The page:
After years in isolation caused by a hardware failure, Charlie Hall is stumbling back into the bright light of PC gaming. In Welcome Back, we will watch as Mr. Hall comes to terms with what he's missed, and how PC gaming has changed since 2005.
For me, Tuesdays are the pinnacle of frustration. It’s as though on occasion Monday needs a day off in the country, and Tuesday sees it as an opportunity to show its merits to the week’s management. I lost a job on a Tuesday, got an awkward letter from a college dean on a Tuesday, my dog died on a Tuesday, and so did my last graphics card.
My laptop had come with a free copy of Half Life 2. It had a burnished, blue metallic finish. It shone with beautiful, bright LEDs. It weighed in at a hefty 8 pounds. It was a dream machine. It tore through HL2, Morrowind, Gothic 2, Doom 3, Far Cry, WoW, Guild Wars, and scoffed at the system specs for niche titles like Combat Mission: Beyond Overlord. After years of limping along, I finally had a machine capable of playing the games I could only read about in magazines.
That lasted 2 brief years.
On the Tuesday night in question, as I tried to load into Guild Wars, the screen just went blank. I booted her again and again, then re-imaged the hard drive and started over. I spent at least 4 hours on the phone the next day with tech support. When she hung 30 seconds into 3DMark for the fourth time in a row, I knew it was over. I didn’t have the $300 for a new graphics card, nor was I willing to buy 2-year-old technology. You see, my laptop contained the last of the AGP graphics slots. If I had waited just 6 more months to buy my rig, waited for the next tech refresh, waited for just a little more performance, if only I had waited, it might have made sense to repair her. As a golden age of gaming came to a close, so did my time awash in it.
She was given the cruelest retirement, running Excel around conference tables. Her massive fans screaming, her garish paint job: She was like a drunken flamenco dancer on a Southwest flight. The final bullet in her brain came over lunch, when a Budweiser American Ale poured ponderously into her keyboard. No one wants a bright blue brick of a business laptop that smells like stale Bud as it heats up.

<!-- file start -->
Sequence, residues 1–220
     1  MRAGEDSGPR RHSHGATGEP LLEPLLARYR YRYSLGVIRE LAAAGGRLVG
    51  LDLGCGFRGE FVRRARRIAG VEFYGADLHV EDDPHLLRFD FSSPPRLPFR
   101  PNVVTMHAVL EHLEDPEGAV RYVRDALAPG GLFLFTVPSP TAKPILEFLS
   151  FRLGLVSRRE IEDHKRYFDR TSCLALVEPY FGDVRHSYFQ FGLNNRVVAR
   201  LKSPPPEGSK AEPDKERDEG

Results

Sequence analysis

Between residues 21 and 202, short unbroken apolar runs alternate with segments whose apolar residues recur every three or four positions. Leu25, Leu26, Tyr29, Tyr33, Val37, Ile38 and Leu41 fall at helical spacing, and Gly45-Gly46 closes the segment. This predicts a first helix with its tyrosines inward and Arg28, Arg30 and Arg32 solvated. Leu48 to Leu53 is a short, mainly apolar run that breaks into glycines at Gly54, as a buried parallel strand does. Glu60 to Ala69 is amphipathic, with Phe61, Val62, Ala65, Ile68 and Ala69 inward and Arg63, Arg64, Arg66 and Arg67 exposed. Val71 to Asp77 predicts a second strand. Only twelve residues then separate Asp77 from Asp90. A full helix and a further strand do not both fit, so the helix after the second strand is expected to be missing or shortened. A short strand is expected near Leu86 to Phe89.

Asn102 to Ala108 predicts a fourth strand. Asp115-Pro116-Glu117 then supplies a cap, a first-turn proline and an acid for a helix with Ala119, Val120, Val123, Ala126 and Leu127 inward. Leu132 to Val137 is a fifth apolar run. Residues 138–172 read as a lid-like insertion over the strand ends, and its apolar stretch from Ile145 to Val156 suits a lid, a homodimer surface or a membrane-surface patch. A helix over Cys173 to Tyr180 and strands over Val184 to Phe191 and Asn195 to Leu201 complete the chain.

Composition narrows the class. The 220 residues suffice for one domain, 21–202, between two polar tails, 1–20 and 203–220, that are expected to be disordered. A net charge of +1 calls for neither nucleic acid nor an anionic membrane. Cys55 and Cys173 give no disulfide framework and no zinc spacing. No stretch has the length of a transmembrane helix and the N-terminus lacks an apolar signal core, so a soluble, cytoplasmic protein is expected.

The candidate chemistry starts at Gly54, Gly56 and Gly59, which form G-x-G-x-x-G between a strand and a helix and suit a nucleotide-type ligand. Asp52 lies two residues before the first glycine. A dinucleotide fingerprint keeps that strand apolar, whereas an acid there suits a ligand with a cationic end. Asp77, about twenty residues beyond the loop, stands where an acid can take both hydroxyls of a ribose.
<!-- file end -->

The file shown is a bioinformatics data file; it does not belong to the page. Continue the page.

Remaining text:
It was a dark time.
A year later, in a fit of passion, I broke down and bought a 360 on the rebound. The number on my Gamercard™ is 4—the number of years I’ve been a subscriber to Xbox Live, the number of years I’ve played amazing games and met amazing people and had excellent experiences. I don’t regret a minute of that time. But I never stopped reading about PC gaming, keeping tabs on it like some might casually glance at the Facebook status of a long-lost love. I never forgot about you, baby.
And so late last year I began to put aside some money—a bonus here, a spare twenty there—and piled up a little war chest all for myself. I weaseled a copy of Windows out of a buddy of mine, found a pair of matching open-box monitors, and just a week before Christmas I pulled the trigger on all the parts and pieces I needed to roll my own rig. After rebates, I bought an entire PC for $460, just a bit more than that old graphics card would have cost me.
During this time I spent away from PC gaming, it seems to me that the technology plateaued. Perhaps it’s the long life of the consoles we’re enjoying right now. Perhaps it’s the economy as a whole, but it seems to me that the technology of just a few years ago is perfectly capable of running today’s games. I don’t have the same agita I had in the days after my last graphics card died, the same regret and remorse for buying the wrong device. I have a PC now, same as any other mid-level gaming rig, and that’s all I need. I’m ready to catch up on all the gaming I missed in the last 6 years, all the mods to titles I’ve played through once or twice already, all the games too small to make it to the living-room's TV screen. And, in addition to this massive back catalog on Steam and the like, I’m confident I can make a passing attempt to run any new game that comes out.
With my one-year old sleeping in the room next to me, and my wife banging away behind me on some photos for her new portrait business, there is a nice sense of community here in my home. My wife is no longer sequestered alone, technically at work, while I watch re-runs of MASH downstairs. My daughter is no longer reduced to the hiss and click of a Sony baby monitor. We're all in the same space, doing important work. It's just that my work is resurrecting Morrowind mods, reskinning S.T.A.L.K.E.R., strapping on an anti-static bracelet, or calling out to LiquidMantis for help out of a jam on the Minecraft server. This feels more like working on a classic car while my wife knits on the porch. After such a long time away, it feels good to be back to my family and to this lifestyle I left so long ago.